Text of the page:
Do you have any crazy holiday stories you’d be willing to share?
How about a dangerous firework story? In my senior year of high school, a bunch of buddies and I stopped at a stand to get some fireworks. We then proceeded to drive out to a country road where one of the guys lived. To my dismay, a couple of them took the bag of fireworks, put it in the center of the road, soaked in gasoline, set it on fire, and, then began dancing around the volatile mixture. I ended up hiding with a few others behind a wooden fence till the chaos subsided. No one was hurt, luckily, but I do not recommend acting in this manner if you value all your parts.
Did you and Ashley work together on this design?
Nope. When we work on projects with one of us taking the lead, it’s usually the person who has the idea or whose style is best for the project. Then we workshop it, we run our designs past each other, and the great thing is we can be honest with each other on what is and isn’t working. So, it’s less collaborative than you would think. Ashley definitely deserves a lot of credit for the final outcome; her critiques are always spot on, and I take her observations seriously.
You seem to have an eye for vintage-inspired design! What vintage imagery most inspires you?
Mid-century advertising and logos, especially if it has a cool mascot or involves Silly Symphonies and Merrie Melodies cartoons or odd and unintentional design (or vernacular design). I’m also a fan of and collect record covers, old matchbooks, and Golden/Silver Age comics.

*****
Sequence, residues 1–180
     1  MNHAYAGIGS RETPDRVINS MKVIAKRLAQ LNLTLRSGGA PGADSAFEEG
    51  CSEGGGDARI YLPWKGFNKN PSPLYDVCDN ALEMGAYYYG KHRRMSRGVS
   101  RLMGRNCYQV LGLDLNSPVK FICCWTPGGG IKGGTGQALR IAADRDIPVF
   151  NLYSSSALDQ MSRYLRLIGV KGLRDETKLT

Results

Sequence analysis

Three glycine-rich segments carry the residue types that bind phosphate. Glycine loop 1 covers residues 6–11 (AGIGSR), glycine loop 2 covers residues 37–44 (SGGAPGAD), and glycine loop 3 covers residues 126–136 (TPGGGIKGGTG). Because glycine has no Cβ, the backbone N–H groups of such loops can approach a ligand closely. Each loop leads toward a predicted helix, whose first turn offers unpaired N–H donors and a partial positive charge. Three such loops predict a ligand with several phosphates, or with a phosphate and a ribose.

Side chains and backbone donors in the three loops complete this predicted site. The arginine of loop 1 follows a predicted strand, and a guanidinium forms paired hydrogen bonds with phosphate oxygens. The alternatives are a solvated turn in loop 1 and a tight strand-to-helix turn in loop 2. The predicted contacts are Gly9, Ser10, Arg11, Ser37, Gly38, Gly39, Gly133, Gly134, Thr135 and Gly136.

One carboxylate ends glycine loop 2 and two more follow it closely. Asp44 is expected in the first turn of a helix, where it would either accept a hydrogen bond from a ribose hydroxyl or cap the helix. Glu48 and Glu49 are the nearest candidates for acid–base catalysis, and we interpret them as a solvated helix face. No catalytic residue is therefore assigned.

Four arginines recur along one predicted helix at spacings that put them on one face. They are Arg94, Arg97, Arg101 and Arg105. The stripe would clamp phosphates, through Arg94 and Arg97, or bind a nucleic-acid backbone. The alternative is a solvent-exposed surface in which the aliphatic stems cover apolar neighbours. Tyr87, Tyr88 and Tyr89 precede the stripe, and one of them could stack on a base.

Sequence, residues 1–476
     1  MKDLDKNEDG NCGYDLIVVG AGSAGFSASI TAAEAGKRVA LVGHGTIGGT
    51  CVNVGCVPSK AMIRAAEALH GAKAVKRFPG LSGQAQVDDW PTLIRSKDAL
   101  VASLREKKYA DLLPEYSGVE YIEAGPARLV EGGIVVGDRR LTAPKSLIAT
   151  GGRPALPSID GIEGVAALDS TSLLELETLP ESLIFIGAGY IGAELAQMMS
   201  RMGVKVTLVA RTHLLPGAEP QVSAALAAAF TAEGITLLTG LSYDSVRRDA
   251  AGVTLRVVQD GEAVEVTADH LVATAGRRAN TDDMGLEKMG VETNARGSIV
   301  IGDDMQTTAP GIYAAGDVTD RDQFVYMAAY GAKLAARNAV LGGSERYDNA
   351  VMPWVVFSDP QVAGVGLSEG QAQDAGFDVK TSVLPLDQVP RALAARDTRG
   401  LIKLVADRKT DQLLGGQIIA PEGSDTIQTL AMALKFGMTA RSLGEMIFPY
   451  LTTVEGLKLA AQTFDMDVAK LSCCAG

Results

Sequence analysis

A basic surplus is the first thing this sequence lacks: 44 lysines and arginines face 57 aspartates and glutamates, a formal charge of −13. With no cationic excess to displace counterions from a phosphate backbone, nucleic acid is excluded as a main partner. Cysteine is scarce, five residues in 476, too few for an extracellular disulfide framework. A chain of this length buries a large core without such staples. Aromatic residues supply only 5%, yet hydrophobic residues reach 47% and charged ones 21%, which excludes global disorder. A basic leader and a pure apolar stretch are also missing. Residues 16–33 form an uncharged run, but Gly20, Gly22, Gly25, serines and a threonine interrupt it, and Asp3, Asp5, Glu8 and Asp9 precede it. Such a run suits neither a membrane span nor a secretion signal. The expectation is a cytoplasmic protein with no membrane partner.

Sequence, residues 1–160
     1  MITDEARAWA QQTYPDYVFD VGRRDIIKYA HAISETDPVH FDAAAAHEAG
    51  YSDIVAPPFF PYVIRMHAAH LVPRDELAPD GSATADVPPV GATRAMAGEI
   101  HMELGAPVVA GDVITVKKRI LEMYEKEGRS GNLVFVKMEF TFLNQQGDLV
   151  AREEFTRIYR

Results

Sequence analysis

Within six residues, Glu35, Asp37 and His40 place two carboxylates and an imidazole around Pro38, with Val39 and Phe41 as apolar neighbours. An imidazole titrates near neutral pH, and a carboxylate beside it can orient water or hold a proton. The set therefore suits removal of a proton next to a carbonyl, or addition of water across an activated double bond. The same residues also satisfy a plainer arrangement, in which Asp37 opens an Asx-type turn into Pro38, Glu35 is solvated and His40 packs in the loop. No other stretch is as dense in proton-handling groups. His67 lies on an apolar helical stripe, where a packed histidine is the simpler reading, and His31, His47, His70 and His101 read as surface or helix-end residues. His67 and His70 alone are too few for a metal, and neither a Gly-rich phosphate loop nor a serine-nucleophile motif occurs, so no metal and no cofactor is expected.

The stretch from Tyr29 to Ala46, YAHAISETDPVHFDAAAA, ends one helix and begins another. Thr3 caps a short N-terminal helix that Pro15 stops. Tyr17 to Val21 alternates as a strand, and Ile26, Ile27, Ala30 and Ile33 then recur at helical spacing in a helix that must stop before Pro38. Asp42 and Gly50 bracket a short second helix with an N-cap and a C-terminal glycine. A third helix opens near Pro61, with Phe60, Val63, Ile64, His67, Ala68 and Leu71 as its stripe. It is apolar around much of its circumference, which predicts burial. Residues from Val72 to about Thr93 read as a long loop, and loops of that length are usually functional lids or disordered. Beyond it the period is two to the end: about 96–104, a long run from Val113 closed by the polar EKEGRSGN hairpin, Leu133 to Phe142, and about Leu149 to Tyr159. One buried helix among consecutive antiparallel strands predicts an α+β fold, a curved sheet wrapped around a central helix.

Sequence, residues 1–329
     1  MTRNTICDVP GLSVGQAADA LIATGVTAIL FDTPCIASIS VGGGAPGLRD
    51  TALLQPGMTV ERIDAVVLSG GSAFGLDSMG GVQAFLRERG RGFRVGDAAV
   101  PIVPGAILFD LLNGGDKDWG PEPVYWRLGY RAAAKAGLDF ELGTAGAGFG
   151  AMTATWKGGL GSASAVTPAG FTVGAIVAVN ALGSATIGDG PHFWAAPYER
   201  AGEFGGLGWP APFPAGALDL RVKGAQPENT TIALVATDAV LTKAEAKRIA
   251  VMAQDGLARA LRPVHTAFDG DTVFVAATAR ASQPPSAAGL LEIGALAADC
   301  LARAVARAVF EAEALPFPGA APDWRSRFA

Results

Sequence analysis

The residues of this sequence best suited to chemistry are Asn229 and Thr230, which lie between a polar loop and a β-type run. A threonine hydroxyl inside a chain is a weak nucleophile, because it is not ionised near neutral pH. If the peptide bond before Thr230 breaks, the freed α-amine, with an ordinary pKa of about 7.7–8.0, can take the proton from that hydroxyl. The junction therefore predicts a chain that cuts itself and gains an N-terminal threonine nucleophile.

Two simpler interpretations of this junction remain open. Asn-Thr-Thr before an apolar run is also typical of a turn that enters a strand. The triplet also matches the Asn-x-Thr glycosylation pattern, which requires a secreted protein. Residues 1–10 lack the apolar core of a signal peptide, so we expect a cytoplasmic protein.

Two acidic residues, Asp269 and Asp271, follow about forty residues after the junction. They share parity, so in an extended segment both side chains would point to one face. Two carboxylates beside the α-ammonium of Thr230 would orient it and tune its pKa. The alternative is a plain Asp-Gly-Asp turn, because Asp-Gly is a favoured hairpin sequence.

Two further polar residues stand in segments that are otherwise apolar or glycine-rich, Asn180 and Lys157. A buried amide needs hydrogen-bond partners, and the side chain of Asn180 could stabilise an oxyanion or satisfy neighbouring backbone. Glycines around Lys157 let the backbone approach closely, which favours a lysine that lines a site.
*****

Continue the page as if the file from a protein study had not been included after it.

Nothing gives me the same feeling as these things. It makes me feel close to my late grandfather Jess, who dealt in Antiques – or “junk” as he called it. It also makes me feel connected to the place I grew up, where you might still see signage that has been there for far longer than I’ve been around. These artifacts are prevalent in the Midwest and when I see them in the wild, untouched and right where they have always been, it gives me a good feeling.
What artists and styles are you most inspired by?
I like a lot of different styles; I can always find some great quality in other peoples’ work that my work lacks. But, I will list a few people who I think are killin’ it…or were killin’ it (RIP).
Mcbess, Chuck Jones, Becky Cloonan, Brian Edward Miller, Amanda Visell, Printmafia, Foxhole Letterpress, DKNG, Draplin, James Jean, Pieter Brugel the Elder, Jasper Johns, Thomas Hart Benton…I could name so many more. I think a good designer will take from their experiences and add to it in a new way to make it their own. I feel to be a good designer, you must look at art or design all the time, and by this I mean finding the beauty and meaning in everyday things. It strengthens my voice as I apply the inspiration I get to my work.
You have so many character drawings on Instagram – do you do any stories or comics to accompany them?
For sure; I am interested in doing comics someday, but for now those characters live on Instagram with their stories locked away in my brainium.
What’s your artistic philosophy?
Make dumb stuff that you like and hopefully, it will resonate with someone else. You can design all day for the masses and make big bucks, but in the end, is it really worth it? And for the love of God, don’t take yourself too seriously or feel smug about your talents, because a smart person can learn from anyone.
Anything else you’d like to share?
Be kind to yourself and others. Adopt a pet. Listen to the Talking Heads, eat your veggies…or something like that…